In other words, the primary goal of Buddhism is not to improve the quality of life through material means, but to increase the non-material human potential that leads to a mindful and compassionate world.
These differences constitute an alliance between secular institutions and engaged Buddhism of utmost importance. While existential needs and comforting words must be provided, people must also recognise the causes of suffering and learn to deal with it, in short – they must develop. Even more, if internal development is ignored, social support does not show lasting results, even if material conditions are improved. This leads to a situation where the problem will most likely reappear as soon as it is triggered again.
Generally speaking, all social problems are consequence of internal conflicts, and at the same time internal conflicts are triggered by social problems. This produces a vicious circle with a global character, which is not a big surprise because, with so many people and so many unsolved inner struggles, socio-economic problems repeatedly trigger individual crises, which again manifest themselves at the level of society - through economic collapse, crime and wars.
Although everyone longs for peace and the end of suffering in the world, they ignore the fact that on a global level, peace never really existed and that war and hunger last as long as humanity. Only the location, the weapons and the justifications for war and deprivation have partially changed over the centuries. As a result of this ignorance, people do not see that the real cause of suffering lies much deeper than economic and political solutions can reach. Even more, offered secular solutions often cause only the shift or amplification of the problem.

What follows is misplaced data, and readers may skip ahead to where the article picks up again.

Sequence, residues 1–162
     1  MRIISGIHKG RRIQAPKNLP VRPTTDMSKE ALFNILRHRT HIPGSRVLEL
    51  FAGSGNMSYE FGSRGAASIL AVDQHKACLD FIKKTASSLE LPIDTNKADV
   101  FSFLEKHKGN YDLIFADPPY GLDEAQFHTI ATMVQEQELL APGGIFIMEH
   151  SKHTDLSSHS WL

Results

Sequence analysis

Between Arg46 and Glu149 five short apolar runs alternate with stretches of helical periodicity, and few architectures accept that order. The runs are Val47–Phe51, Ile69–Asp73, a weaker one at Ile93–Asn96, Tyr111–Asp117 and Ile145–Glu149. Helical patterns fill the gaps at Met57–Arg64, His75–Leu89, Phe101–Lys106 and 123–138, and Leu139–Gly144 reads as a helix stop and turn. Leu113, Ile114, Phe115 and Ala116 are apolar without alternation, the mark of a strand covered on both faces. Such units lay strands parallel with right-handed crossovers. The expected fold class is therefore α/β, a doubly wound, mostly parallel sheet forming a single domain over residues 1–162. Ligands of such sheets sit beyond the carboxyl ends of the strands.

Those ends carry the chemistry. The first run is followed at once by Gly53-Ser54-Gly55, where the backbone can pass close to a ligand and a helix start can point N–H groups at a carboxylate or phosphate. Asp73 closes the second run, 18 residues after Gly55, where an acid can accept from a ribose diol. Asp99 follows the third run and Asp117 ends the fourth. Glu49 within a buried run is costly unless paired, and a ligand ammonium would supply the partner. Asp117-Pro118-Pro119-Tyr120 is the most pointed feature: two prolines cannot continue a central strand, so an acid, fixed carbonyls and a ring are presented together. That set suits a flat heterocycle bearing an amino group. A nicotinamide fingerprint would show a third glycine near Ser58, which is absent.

Already Buddha has realized that the core of the problem lies in the ignorance and craving of every individual. Yet, even 2’600 year later, we ignore the fact that individuals, full of personal fears, anger or greed, are building blocks of society. This unawareness leads us to look for a source of problems beyond ourselves, denying our own responsibility for the situation we live in. Such attitude has brought humanity to this moment in time with its specific culture, society and way of life, which we criticise. Even more than that, we persistently walk the same path and yet expect to get to a better destination.
Since the society is merely the mirror of its building blocks (individuals), we must understand that blaming others or society is just a way of shifting shared responsibility to a higher instance. Furthermore, we must acknowledge that the only way out of this vicious circle comes with the simultaneous change at both the personal and the social level.